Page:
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Jess K
Jess K, Cat Veterinarian
Category: Cat Veterinary
Satisfied Customers: 1514
Experience:  Licensed Veterinarian
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My name is brittney and I have a kitten I think is 8- 10

Customer Question

Hi, my name is ***** ***** I have a kitten I think is 8- 10 weeks. His left leg is swollen from paw up. Could you tell me what I need to do for him I have warped it up with three small popsicle sticks an gauze with tape. I just recently got him back from a coworker bc she said he was pooping everywhere an not eating, I have two others that are just fine. We thought she took him away to soon from his mom until I noticed his leg, she said her boyfriend had stepped on it.
Submitted: 1 year ago.
Category: Cat Veterinary
Expert:  Jess K replied 1 year ago.

Hello, this is Dr. Jess. I am very sorry to hear about your kitten! Unfortunately, it sounds like there is a very good possibility this kitty has a fractured leg, given the history of being stepped on and the swelling. Usually if we just have a soft tissue injury like a sprain we will not see the extensive swelling you are describing.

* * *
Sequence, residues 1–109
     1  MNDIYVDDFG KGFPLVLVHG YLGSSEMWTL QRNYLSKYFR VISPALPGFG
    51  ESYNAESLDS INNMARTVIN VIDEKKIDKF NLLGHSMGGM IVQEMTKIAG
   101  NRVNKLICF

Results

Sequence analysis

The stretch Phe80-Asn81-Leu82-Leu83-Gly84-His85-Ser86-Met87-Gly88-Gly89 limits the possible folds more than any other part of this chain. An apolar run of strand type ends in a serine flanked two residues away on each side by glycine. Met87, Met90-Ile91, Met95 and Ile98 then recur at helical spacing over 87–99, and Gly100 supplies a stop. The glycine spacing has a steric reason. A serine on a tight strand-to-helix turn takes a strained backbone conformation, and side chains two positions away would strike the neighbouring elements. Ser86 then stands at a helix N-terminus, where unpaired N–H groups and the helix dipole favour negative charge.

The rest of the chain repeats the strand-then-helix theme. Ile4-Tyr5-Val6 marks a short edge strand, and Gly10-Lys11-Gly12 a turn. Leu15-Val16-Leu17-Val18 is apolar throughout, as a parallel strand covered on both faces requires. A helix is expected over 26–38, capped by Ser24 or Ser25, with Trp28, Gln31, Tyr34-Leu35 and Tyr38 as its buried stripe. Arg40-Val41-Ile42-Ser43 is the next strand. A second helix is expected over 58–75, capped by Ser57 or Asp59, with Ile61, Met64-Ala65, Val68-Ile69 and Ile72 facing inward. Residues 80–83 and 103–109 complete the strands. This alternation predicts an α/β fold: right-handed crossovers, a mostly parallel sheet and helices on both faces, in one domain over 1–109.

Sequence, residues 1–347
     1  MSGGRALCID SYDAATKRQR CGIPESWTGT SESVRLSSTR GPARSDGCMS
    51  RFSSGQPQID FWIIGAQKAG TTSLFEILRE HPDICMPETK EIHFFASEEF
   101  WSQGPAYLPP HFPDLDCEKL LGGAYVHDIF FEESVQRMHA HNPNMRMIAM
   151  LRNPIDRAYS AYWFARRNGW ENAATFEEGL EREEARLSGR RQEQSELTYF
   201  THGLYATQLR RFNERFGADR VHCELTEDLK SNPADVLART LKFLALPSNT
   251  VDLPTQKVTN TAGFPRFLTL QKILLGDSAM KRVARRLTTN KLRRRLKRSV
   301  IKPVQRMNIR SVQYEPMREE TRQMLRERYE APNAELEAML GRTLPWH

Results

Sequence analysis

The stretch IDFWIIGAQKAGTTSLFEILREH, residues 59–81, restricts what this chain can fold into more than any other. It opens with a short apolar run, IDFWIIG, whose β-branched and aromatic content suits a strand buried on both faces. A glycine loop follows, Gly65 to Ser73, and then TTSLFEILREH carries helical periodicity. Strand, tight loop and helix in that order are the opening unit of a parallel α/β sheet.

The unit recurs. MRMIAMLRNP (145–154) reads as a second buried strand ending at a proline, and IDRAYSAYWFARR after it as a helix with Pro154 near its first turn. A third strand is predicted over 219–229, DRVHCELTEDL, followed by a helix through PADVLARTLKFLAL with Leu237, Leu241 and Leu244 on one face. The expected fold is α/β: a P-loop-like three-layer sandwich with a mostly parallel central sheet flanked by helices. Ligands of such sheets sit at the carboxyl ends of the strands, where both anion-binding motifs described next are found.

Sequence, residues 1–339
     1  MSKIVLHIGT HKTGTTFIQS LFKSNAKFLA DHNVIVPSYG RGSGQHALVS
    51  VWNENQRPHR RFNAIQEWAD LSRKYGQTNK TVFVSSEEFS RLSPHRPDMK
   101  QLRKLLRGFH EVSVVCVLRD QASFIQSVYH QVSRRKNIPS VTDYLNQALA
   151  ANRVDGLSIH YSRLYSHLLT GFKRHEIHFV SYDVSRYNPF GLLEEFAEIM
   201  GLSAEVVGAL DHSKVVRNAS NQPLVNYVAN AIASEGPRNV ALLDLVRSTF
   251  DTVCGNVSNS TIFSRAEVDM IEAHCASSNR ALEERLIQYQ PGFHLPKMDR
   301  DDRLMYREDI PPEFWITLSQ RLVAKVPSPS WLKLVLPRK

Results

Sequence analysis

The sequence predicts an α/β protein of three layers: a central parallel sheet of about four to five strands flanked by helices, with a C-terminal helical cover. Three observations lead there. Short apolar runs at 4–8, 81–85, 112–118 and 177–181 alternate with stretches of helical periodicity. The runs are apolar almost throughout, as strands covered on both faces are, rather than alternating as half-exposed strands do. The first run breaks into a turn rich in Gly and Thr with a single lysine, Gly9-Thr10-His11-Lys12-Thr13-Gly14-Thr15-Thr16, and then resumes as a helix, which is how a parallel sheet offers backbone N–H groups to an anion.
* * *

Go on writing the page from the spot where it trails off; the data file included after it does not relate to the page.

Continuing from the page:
Unfortunately "at home care" alone is not recommended in these cases for several reasons. It is possible that the fracture may be such that only splinting is required, but we will not know that until we x-ray the leg. It is possible the fracture is such that a splint is not going to be adequate and no amount of splinting the bone will allow it to heal. Another reason is that it is definitely recommended for a veterinary professional to place a splint on your kitty, as it is quite common for owners to accidentally end up causing more harm than good when trying to bandage or splint their pet's limbs at home on their own. The leg can end up with pressure sores, incorrect positioning leading to healing improperly, or a bandage causing decreased circulation in the leg. The final reason veterinary care is recommended is because this kitty is likely in need of pain medication as well, and there is no safe at-home/over the counter pain medication to give to cats.

For all of these reasons, your kitten truly needs to be seen in person by a vet. Probably not what you want to hear, but I don't want to lie to you and tell you that this is something you can fix at home! In the meantime, keep him confined to a small crate or box to limit his movement as much as possible.

Expert:  Jess K replied 1 year ago.

Please let me know if you have any additional questions. If you do not, please take a moment to CLICK AND RATE our conversation so we can know if you were satisfied with your service and I can get credit for helping to answer your question. Thank you and best of luck to your kitty!